A further aim of the invention is to provide a method of heating and cooling a building wherein the source of heating or cooling is located underground and the ground is utilized as an energy storing sink from which heating or cooling may be extracted as needed.

Other objects of the invention will be made clear or become apparent from the following description and claims when read in light of the accompanying drawing wherein:

FIG. 1 is a perspective view of the heat pump system according to the present invention;

FIG. 2 is a vertical cross-sectional view illustrating details of construction of the underground conduit through which air passes; and

FIG. 3 is a fragmentary elevational view showing an alternative form of the invention.

Referring initially to FIG. 1, the heating system of the present invention is designated generally by the numeral 10 and includes a heat pump 12 disposed within a housing 14. The area of the heat pump inlet is designated by the number 13. The compressor for the heat pump 12 is located outside of the building inside of housing 14 and an expansion coil for heat exchange with air inside of the building is disposed in a second housing 16. Insulated lines 18 carry the compressible heat exchange liquid between the compressor and the expansion coil.

An auxiliary fan 20 is coupled with an underground conduit designated generally by the numeral 22. Conduit 22 includes a first vertical leg 24 coupled directly with the output of fan 20. Vertical leg 24 merges into a first horizontal stretch 26 which is coupled with a second parallel horizontal stretch 28 by a U-shaped end stretch 30. Horizontal stretch 28 is in communication with a second vertical leg 32 having its outlet 33 inside of housing 14 and directly in communication with the inlet for heat pump 12. Housing 12a of the heat pump serves to couple the outlet 33 with the heat pump inlet.

Referring to FIG. 2, it is seen that a cross-over conduit 36 couples the two horizontal stretches 26 and 28. One end of conduit 36 projects into conduit stretch 28 so as to present a deflector which will divert a portion of the air into the cross-over conduit. The opposite end of the cross-over conduit 36 projects into conduit stretch 26 providing a restrictor in this conduit which serves to increase the velocity of air in the vicinity of the cross-over conduit. The velocity is further increased by a venturi collar 38 disposed adjacent to the end of cross-over conduit 36 and slightly upstream from the latter. The increase in velocity in the vicinity of cross-over conduit 36 causes a slight decrease in pressure inside of this conduit thereby enhancing the recycling feature.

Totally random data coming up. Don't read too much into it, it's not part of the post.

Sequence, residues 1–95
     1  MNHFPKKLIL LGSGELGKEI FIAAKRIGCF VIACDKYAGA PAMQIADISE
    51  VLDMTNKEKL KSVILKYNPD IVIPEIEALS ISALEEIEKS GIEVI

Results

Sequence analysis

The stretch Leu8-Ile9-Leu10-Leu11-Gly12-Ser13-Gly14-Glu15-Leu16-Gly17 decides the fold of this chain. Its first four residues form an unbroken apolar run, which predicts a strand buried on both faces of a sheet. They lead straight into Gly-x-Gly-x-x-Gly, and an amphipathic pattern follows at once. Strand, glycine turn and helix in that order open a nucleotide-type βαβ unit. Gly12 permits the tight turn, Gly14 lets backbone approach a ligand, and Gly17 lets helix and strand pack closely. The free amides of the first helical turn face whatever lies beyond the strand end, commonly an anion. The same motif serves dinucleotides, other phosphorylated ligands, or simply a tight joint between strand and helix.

During normal operation of the equipment of the present invention, the heat pump fan (not shown) which would normally form a part of the heat pump device is inactivated and replaced by auxiliary fan 20. Fan 20 is selected to have a capacity sufficient to supply the heat pump with the needed volume of air for operation under selected conditions. Thus, fan 20 is activated to force air through conduit 22 where it will undergo heat exchange with the ground. The horizontal stretches of conduit 22 are disposed beneath the ground a sufficient distance so that the temperature is substantially constant. In most areas of the country, a temperature of 55-60 F. is obtained year-round at a depth of 3-10 feet. By virtue of the cross-over conduit 36 and the recycling feature attributable to it, the length of conduit 22 may be substantially reduced over what would otherwise be required. A substantial portion of the total volume of air passing through the conduit is constantly recycled causing it to repeatedly be in heat exchange relationship with the relatively warm surrounding ground. The air emanating from outlet 33 passes to the inlet for the heat pump where the air is utilized to extract heat which is then transferred to the heat exchange coil inside of the building to be heated.

By virtue of the fact that air entering the heat pump inlet is substantially warmed over what would otherwise be encountered at normal outside temperatures, the heat pump is required to work less to extract the desired amount of heat. This increases the efficiency of the heat pump and greatly reduces the need for reliance upon auxiliary resistance heaters when the outside air temperature drops substantially below freezing. In many instances, the utilization of the method and equipment of the present invention will result in the heat pump being practical in cold climates where it otherwise could not be economically utilized.